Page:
Friday, June 15, 2007

Premonsoon showers!


Last night two of my friends, Christina Kang and Daniel Mokrauer-Madden arrived to stay at the University Residency! It's great to see them: Christina is working on a photo documentary on our team's work and will be traveling around the world documenting other PSC fellowship work. Daniel was a part of my IDEAS team project that created a Tuberculosis curriculum to educate Indian children and create early awareness. He is on brief stop over in New Delhi before starting the implementation of our project in Lucknow, India.

They arrived late in the night and we awoke to some heavy "premonsoon" rains. When it rains, it pours here and huge lakelike puddles form quickly. However, workers quickly brush away all the water and by noon the scorching sun comes out and dries out any remaining wet ground. Rain definitely cools the temperature for the day and everyone seems to be in better spirits now that the heat wave has passed!

A drenched Julie running from our auto rickshaw. Note its size compared to the snazzy Deepalaya bus.

Daily, I have been working with Yamilee and two Rai Foundation students, Meenu and Priya, to go out with the education community mobilizer and visit one of the surrounding communities. We have crafted an education survey to help us better understand the family dynamics and reasoning behind sending a child to school. Specifically, we are investigating whether there is any prejudice against sending girls to schools, the percentage of slum children that even attend school, the percentage of children that drop out of school, as well as the reasons behind all these trends.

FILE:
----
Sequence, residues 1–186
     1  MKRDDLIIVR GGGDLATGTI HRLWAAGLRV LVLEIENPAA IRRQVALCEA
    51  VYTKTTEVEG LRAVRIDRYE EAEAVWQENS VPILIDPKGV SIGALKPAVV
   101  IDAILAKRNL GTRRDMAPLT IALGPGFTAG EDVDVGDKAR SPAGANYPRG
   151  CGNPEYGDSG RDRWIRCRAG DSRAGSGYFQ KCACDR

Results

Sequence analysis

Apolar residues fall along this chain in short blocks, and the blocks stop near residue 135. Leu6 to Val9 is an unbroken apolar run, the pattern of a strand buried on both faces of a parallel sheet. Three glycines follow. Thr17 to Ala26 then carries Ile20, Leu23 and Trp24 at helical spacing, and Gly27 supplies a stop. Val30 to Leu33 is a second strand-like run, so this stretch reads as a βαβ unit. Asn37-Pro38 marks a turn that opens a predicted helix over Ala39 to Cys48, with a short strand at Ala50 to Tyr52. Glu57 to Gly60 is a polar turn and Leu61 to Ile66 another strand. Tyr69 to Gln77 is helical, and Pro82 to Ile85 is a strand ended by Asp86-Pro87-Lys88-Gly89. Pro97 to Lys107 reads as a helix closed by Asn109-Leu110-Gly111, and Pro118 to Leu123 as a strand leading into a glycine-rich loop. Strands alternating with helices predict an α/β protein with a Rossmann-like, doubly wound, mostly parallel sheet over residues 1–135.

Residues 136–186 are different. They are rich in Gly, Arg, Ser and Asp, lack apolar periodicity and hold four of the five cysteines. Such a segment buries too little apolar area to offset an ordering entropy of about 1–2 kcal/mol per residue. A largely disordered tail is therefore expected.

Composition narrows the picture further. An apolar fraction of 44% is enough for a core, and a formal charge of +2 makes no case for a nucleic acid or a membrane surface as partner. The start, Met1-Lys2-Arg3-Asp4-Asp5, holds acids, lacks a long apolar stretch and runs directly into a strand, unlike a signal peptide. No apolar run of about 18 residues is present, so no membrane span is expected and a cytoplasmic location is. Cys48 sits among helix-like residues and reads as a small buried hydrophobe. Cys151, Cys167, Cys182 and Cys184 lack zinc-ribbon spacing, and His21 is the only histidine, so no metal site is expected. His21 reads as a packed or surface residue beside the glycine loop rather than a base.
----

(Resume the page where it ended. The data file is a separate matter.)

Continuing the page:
We were able to visit one of the most disadvantaged communities today, called Neheru Camp. Christina and Daniel came with us too. It was a bit of a walk but we finally reached the settlement, a rich maze of small buildings and open sewers. Old ladies were trying to sell mangoes, bananas and vegetables but all their produce was covered in flies. There are a lot of unemployed men just sitting around and almost all the women are housewives. Our day at Neherua Camp was very productive as we just situated ourselves in a tiny schoolhouse and women from the community came to speak to us rather than us visiting each one of them. It has been so refreshing to see that despite their poverty these people are animated, excited, and generally very joyful about life. They all believe in the power of education and want the best for their children; it is just disheartening to see that so many of their children are unmotivated to continue schooling past a certain age.


Conducting surveys in a small school house. My partner Meenu is in the white shirt.

Afterwards we were invited to participate as "honorary guests" in a school-wide poster presentation contest given by vocational students. It was odd being given honorary first row seats and being treated with drinks simply because we are from the U.S. Our Rai Foundation counterparts were invited to be the judges, which was quiet amusing and a bit like American Idol.


A poster presentation given by vocational students. They coordinate group outfits and their posters are so colorful.


Fun food for the day:

Enjoying sweet lassi, a yogurt drink, in a clay cup! yummm



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